The difference between comparative and contributory negligence
To understand the difference between comparative and contributory negligence, we must first establish the definition of negligence. Negligence is an action, or omission to act, that results in someone else’s injury or death. Distracted driving is an example of negligence. While a distracted driver may not intentionally cause a crash, he or she chose to use a cellphone while driving. This negligent action is what led to someone else’s injuries. Negligence also applies when a driver fails to take reasonable action to prevent a crash. This includes reducing speed or failing to take evasive measures in the event of an impending crash.
Comparative negligence explained
Comparative negligence factors into the action of both drivers to determine who was at fault. Fault can be contributed by both drivers. Here is an example of how comparative negligence works:
Driver A was distracted by his or her cellphone and runs a red light and is broadsided by driver B who was exceeding the posted speed limit. Had driver A not been using a cellphone, the crash could have been prevented entirely. However, driver B could have taken preventative measures by obeying the posted speed limit. In this case, both drivers contributed to the crash. Let’s say driver A is 75 percent at fault and driver B is 25 percent at fault.
Illinois follows the modified comparative negligence 51 percent rule. This means that a driver who is 51 percent or more at fault for a crash can’t recover damages. A driver who is 49 percent at fault or less can recover damages.
Contributory negligence explained
Contributory negligence determines if each driver contributed to fault in a crash. In the case of driver A and driver B, the driver who was primarily at fault may be able to pursue damages from the driver who contributed less fault to the crash. The amount of compensation recovered reduces by the amount of negligence the plaintiff contributed to a crash.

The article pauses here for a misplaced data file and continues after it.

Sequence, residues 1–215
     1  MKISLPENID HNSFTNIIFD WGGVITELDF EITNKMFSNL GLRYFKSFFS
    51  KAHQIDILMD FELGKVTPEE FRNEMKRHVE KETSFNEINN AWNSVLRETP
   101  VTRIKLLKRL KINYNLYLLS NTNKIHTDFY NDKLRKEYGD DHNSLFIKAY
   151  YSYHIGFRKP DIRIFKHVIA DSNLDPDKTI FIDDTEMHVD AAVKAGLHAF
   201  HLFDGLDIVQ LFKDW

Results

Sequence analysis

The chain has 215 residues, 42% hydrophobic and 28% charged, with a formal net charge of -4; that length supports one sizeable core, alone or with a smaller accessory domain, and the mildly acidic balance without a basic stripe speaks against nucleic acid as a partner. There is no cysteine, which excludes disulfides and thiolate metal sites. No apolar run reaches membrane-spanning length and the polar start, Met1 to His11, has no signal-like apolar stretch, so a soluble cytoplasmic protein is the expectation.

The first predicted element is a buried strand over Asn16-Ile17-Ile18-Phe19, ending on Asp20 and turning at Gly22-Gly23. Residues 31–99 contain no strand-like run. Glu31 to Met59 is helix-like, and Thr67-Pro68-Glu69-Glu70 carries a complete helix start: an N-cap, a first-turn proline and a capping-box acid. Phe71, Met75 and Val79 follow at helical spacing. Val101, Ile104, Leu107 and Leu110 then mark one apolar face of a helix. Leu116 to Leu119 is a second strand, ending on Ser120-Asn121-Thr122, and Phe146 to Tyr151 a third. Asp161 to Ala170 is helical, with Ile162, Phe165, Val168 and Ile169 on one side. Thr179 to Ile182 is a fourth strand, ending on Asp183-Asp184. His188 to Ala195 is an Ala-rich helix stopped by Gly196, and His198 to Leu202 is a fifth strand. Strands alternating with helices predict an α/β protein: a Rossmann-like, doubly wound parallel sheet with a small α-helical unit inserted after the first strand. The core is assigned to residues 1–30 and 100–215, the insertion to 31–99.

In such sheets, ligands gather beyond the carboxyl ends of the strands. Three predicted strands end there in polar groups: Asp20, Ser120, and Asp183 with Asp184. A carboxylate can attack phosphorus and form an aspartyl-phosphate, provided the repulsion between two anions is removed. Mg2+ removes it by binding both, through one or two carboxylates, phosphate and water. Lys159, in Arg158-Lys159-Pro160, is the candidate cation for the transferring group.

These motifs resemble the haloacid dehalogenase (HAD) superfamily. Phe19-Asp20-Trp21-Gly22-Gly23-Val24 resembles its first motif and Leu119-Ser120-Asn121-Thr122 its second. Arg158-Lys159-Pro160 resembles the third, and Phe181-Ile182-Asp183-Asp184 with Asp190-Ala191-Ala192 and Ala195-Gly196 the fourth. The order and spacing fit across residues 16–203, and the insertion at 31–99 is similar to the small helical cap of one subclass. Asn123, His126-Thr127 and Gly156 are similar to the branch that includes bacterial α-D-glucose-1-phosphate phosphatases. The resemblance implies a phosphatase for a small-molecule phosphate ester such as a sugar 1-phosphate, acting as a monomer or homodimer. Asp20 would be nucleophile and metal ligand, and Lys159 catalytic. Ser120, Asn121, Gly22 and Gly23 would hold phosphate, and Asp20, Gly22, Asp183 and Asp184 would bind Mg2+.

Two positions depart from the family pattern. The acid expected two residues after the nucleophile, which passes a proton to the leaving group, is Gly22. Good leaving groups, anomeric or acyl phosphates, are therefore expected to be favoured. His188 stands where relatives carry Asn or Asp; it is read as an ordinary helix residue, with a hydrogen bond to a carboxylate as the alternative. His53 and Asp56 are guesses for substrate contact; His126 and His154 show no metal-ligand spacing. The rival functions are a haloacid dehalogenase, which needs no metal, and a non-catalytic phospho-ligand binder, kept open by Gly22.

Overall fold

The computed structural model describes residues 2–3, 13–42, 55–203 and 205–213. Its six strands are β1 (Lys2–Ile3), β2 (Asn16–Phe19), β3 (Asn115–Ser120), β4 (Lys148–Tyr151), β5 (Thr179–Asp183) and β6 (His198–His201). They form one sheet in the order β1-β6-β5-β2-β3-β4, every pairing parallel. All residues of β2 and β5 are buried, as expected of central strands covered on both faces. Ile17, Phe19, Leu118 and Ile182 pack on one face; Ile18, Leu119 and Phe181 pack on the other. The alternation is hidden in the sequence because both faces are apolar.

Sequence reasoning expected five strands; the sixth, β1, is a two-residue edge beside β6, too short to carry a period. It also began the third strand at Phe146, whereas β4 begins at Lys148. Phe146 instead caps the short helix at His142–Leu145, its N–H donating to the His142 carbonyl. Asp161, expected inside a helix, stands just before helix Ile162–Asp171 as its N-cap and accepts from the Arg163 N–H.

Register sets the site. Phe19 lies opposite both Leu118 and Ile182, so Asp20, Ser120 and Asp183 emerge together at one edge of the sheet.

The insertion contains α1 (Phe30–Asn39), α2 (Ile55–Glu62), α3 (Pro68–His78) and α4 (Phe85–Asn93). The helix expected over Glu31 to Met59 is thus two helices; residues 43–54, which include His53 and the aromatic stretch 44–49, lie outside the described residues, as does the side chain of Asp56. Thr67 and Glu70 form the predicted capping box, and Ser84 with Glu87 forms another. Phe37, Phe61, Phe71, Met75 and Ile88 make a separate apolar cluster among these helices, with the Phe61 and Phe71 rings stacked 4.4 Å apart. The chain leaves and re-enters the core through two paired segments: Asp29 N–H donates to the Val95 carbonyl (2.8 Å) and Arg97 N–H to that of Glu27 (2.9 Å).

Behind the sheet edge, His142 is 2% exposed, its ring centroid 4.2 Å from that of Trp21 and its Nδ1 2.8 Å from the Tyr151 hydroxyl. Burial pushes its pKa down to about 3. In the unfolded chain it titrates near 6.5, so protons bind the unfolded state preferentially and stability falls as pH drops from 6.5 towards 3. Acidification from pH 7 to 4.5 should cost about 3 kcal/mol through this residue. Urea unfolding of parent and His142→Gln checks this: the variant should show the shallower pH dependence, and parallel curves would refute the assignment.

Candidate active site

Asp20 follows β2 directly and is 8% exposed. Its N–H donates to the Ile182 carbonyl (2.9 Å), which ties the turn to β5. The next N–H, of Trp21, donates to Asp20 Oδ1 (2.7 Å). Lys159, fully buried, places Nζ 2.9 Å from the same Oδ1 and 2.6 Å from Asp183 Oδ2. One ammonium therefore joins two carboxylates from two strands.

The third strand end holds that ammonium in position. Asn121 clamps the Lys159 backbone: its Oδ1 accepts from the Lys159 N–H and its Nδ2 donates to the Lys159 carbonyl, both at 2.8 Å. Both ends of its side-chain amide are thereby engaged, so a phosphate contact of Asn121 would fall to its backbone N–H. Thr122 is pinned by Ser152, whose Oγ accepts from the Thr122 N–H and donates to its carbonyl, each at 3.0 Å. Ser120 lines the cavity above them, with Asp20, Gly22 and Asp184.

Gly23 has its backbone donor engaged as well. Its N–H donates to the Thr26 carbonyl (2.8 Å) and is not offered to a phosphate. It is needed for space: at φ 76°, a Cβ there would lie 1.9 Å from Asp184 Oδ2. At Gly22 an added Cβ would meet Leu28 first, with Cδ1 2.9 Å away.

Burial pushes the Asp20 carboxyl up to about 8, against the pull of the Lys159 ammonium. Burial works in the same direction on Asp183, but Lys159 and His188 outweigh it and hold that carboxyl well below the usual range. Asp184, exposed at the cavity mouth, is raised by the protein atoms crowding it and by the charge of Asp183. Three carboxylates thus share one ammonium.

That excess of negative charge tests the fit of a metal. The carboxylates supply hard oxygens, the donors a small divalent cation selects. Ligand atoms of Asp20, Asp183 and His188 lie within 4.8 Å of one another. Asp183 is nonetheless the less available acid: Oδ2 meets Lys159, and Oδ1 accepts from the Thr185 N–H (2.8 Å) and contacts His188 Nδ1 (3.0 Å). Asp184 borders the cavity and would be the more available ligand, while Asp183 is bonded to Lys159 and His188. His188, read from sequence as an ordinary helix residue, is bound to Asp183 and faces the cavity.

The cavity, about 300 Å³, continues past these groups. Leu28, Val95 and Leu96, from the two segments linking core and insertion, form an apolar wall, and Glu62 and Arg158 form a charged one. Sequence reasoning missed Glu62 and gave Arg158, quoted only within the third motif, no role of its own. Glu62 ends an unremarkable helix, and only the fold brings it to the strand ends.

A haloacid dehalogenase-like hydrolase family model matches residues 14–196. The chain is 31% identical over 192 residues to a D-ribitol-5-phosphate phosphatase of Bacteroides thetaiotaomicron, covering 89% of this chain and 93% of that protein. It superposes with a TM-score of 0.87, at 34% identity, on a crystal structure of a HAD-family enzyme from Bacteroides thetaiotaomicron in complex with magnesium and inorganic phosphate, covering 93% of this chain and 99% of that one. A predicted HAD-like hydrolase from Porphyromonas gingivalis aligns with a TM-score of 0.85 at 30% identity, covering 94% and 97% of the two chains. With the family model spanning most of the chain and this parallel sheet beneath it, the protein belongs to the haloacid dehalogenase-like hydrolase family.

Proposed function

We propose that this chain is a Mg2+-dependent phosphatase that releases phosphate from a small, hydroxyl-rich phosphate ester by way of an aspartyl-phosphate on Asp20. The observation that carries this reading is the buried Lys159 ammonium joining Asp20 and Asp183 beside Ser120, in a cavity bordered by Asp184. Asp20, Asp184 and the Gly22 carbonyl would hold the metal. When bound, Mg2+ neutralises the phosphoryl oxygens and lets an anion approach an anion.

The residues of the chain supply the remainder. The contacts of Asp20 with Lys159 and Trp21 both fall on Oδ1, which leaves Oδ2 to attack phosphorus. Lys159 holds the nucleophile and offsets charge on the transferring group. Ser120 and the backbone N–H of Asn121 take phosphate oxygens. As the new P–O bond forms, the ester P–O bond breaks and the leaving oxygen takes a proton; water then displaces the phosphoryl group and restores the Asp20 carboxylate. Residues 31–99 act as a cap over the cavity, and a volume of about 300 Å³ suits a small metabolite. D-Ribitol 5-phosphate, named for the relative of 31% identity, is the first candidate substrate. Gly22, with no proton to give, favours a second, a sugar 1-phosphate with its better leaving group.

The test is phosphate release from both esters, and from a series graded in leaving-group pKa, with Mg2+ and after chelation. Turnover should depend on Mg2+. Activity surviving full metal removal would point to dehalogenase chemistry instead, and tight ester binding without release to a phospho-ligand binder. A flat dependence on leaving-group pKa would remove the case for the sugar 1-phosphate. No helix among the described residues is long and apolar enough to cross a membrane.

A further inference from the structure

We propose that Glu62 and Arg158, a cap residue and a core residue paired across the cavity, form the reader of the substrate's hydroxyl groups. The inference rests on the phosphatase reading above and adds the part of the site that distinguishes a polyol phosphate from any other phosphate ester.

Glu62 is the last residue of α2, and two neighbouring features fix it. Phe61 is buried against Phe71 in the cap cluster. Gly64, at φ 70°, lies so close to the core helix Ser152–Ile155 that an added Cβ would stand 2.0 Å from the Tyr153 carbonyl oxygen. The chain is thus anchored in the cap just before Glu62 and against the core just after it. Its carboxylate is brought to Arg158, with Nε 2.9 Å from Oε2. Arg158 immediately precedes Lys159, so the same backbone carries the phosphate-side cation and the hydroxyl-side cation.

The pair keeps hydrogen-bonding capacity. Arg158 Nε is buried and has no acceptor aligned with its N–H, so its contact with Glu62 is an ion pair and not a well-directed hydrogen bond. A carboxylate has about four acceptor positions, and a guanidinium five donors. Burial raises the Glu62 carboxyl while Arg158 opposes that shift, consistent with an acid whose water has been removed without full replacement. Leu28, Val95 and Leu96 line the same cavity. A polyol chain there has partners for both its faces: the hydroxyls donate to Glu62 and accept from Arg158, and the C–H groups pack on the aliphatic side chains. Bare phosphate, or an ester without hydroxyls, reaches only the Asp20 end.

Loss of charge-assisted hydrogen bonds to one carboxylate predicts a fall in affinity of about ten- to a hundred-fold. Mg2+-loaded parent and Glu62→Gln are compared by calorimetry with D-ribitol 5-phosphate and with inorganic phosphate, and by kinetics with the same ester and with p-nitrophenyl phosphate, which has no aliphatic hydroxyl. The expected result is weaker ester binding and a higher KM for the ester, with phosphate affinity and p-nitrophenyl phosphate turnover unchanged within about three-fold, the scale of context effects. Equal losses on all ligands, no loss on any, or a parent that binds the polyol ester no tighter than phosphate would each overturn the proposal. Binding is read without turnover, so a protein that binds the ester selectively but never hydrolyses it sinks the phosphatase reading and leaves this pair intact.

This is known as pure contributory negligence. The only states that adopt this rule are Alabama, Maryland, North Carolina and Virginia.
Proving negligence takes an in-depth investigation
When a driver’s negligence leads to a crash, he or she might admit fault at the scene of the crash. In some cases, an at-fault driver will deny fault. Either way, the insurance company that represents the at-fault driver will likely try to shift the blame onto you. In Illinois, there is a burden of proof when negotiating a complete settlement. If you speak to the other driver’s insurance company without first consulting with an attorney, you may unknowingly admit to fault or fail to prove negligence on behalf of the other driver.
That’s why it’s critical that you speak to an experienced Chicago car accident attorney who knows how to gather the indisputable facts. An in-depth investigation may reveal that the driver who hit you behaved in a negligent or reckless manner. For example:
- Cellphone records prove that distracted driving occurred.
- A DUI arrest (documented on the police report) proves that drunk driving occurred.
- Dashcam, surveillance camera footage, or witness statements can prove that the other driver failed to yield the right-of-way or was driving erratically.
- Tire marks in the road can prove that the other driver was speeding.
With the right evidence, it’s no longer your word against the other driver’s. Let the legal team at Coplan + Crane gather the facts and negotiate for a fair settlement on your behalf. We offer free and confidential case evaluations to our clients. Contact us online to find out how we can help you.